Report by: Rob Horwitz

Posted: September 21, 2009

Licensing of Windows Server 2008 R2, which is available through multiple channels as of Oct. 2009, remains generally consistent with its predecessor, Windows Server 2008, and client licenses for Windows Server 2008 grant access to R2 instances. Licensing models, product usage rules (such as how many OS instances can be run without extra charge under virtualization), the number of editions and differences between them, and product pricing remain almost identical. The upshot: customers already licensed for Windows Server 2008 can upgrade their servers incrementally, at modest and predictable cost, without triggering the expense of purchasing new CALs for all their users.

No New CALs Required

Use of Windows Server by an organization's employees or contractors is licensed with up to three different Client Access Licenses (CALs):

  • A Windows Server CAL to license client access to common services such as file and print
  • A Remote Desktop Services (RDS) CAL (formerly Terminal Services CAL) to license various remote application execution scenarios
  • An Active Directory Rights Management Services (RMS) CAL to license use of Microsoft's system for locking Office documents and e-mail to prevent casual or inadvertent disclosure to unauthorized users.

These CALs can be assigned to each user or to each client access device, and the CAL prices range from US$30 to US$81 in the Open Business program, which represents the highest price a business customer would pay through a volume purchasing program.

External Connectors (ECs) offer an alternative to CALs for licensing users other than employees (such as business partners), and Windows Server has three corresponding EC licenses (e.g., one each for common services, rights management, and remote execution) that permit an unlimited number of nonemployees to access a single physical server.

Because ECs are substitutes for a theoretically unlimited number of CALs, they are usually more costly than the server licenses themselves. As of July 2009, the Open Business price for the Windows Server EC for basic server functions was US$2,019, the RDS EC was US$8,080, and the RMS EC was US$18,226.

Consistent with the precedent set with Windows Server 2003 R2, which shipped in Dec. 2005, Windows Server 2008 R2 does not require new CALs. The "old" CALs and ECs for Windows Server 2008 server access, RDS, and RMS remain for sale and license client access to Windows Server 2008 R2. This makes upgrading to Windows Server 2008 R2 very economical, since CALs and ECs typically represent 70% or more of the license cost of Microsoft server products.

Prices for the Windows Server 2008 CAL and RMS CAL (as well as the respective ECs) are unchanged, but prices for RDS CALs and ECs will rise by 5% at the end of the 2009. The company is also changing the name and other features of the remote execution component. (For more details, see "Terminal Services Licensing Changes".)

Same Set of Editions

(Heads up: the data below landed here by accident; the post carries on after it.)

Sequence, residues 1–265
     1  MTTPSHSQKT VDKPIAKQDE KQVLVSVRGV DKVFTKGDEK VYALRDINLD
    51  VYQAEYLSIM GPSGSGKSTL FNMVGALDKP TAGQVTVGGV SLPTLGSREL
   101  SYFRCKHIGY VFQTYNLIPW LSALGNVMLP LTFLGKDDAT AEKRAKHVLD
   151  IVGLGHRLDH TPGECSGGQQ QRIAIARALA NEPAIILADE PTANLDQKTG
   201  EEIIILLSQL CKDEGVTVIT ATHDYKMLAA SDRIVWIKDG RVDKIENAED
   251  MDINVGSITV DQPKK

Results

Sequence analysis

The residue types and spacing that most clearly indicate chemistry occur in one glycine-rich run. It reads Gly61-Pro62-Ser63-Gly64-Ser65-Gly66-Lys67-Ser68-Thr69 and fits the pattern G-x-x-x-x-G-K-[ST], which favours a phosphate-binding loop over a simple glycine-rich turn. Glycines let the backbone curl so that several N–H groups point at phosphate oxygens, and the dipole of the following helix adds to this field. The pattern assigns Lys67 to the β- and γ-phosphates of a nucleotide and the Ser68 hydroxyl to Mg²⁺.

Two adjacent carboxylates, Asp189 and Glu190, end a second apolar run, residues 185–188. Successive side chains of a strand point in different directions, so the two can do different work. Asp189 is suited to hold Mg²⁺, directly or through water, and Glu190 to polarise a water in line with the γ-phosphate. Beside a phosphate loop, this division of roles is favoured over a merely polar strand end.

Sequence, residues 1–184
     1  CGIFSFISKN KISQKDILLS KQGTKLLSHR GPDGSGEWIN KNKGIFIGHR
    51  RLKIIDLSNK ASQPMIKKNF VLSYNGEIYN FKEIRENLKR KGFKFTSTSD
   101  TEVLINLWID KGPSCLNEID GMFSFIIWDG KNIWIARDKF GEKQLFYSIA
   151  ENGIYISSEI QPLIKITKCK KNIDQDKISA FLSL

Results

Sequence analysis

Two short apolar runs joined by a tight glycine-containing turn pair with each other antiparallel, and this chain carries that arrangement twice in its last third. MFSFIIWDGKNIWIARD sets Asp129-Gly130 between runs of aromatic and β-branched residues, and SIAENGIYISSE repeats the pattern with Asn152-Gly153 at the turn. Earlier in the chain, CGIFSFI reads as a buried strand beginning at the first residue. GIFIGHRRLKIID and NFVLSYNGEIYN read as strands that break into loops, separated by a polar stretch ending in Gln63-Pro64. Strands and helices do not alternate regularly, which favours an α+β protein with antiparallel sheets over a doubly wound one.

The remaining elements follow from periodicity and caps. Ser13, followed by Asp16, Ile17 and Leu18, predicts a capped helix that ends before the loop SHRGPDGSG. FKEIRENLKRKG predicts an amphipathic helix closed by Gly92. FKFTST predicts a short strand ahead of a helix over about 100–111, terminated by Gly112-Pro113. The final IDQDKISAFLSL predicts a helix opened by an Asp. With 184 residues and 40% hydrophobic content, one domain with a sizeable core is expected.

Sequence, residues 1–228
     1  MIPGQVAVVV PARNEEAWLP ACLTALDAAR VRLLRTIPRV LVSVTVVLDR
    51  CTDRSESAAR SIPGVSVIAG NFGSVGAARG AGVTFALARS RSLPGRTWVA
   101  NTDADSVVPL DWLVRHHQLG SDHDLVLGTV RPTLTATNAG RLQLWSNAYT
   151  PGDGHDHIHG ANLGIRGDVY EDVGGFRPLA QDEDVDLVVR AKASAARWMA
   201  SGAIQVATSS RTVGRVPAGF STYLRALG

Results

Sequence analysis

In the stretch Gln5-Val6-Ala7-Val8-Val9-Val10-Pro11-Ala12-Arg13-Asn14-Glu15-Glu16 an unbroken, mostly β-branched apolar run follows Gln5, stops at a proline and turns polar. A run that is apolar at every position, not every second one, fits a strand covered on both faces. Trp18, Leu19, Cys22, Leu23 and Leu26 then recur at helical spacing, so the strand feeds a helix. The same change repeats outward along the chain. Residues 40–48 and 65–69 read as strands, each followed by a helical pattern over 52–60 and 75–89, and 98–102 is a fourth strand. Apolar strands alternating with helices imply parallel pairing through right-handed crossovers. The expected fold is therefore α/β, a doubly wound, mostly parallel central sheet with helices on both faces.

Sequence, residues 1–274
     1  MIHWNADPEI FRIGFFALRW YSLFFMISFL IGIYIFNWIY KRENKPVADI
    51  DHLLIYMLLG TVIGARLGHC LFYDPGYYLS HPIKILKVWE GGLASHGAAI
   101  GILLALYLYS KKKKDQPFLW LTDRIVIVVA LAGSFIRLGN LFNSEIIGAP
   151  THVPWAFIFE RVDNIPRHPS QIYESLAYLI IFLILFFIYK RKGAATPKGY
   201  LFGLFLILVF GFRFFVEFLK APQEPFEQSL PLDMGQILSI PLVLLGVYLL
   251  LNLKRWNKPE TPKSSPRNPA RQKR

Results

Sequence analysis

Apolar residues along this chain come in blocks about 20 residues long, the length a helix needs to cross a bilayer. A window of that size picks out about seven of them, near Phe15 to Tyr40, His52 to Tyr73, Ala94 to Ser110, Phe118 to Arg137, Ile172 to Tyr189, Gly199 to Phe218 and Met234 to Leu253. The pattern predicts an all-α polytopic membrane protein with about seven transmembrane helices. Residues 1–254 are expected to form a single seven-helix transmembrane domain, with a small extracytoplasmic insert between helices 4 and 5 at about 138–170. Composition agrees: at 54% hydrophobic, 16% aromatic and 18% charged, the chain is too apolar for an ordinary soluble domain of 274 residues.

Windows Server 2008 R2 is offered in six different editions, as was Windows Server 2008, and customers with Software Assurance coverage active as of Sept. 1, 2009, are entitled to upgrade to the latest version of the edition they previously purchased. All editions of R2 are 64-bit only, in contrast to Windows Server 2008, which offered both 32-bit and 64-bit media. Also, 180-day evaluation copies of Windows Server 2008 R2 editions cannot be converted in-place to production use with the purchase of a product license—a reinstall is required, which was not the case with Windows Server 2008.

Virtualization and other usage rights remain the same as Server 2008, as do the prices for server licenses. Feature set differences across the editions are the same with one major exception: BranchCache is fully supported in Enterprise and Datacenter editions only. New to Windows Server 2008 R2, BranchCache caches frequently requested files in the local branch office to reduce WAN traffic and improve response time (albeit for Windows 7 branch users only—users of Vista and Windows XP PCs do not benefit). BranchCache's hosted cache mode, which caches content on a server located within the branch, requires Windows Server 2008 R2 Enterprise or Datacenter edition on the branch server.

(For more information about the features, usage rights, licensing models, and prices associated with the various editions, see the chart "Windows Server 2008 R2 Edition Comparison".)

Resources

The Windows Server licensing portal page is located at www.microsoft.com/windowsserver2008/en/us/how-to-buy.aspx.

Windows Server 2008 licensing, packaging, and pricing is discussed in detail in "Licensing Windows Server" on page 3 of the Oct. 2008 Update.

Windows Server 2008 R2 technical improvements are covered in "R2 Improves Active Directory Administration", "Terminal Services Renamed and Updated" on page 3 of the Sept. 2009 Update, "File Classification Aids File Management" on page 7 of the Aug. 2009 Update, "Hyper-V R2 Gains Live Migration" on page 3 of the July 2009 Update, "Windows Enhances Power Management" on page 3 of the June 2009 Update, and "PowerShell Version 2.0 Update" on page 3 of the Mar. 2009 Update. BranchCache is explained in "Windows 7 Integrates with Windows Server 2008 R2" on page 3 of the Apr. 2009 Update.

Detailed comparisons of Windows Server 2008 R2 editions are available via links on www.microsoft.com/windowsserver2008/en/us/r2-editions-overview.aspx.

Report by: Rob Horwitz

Posted: September 21, 2009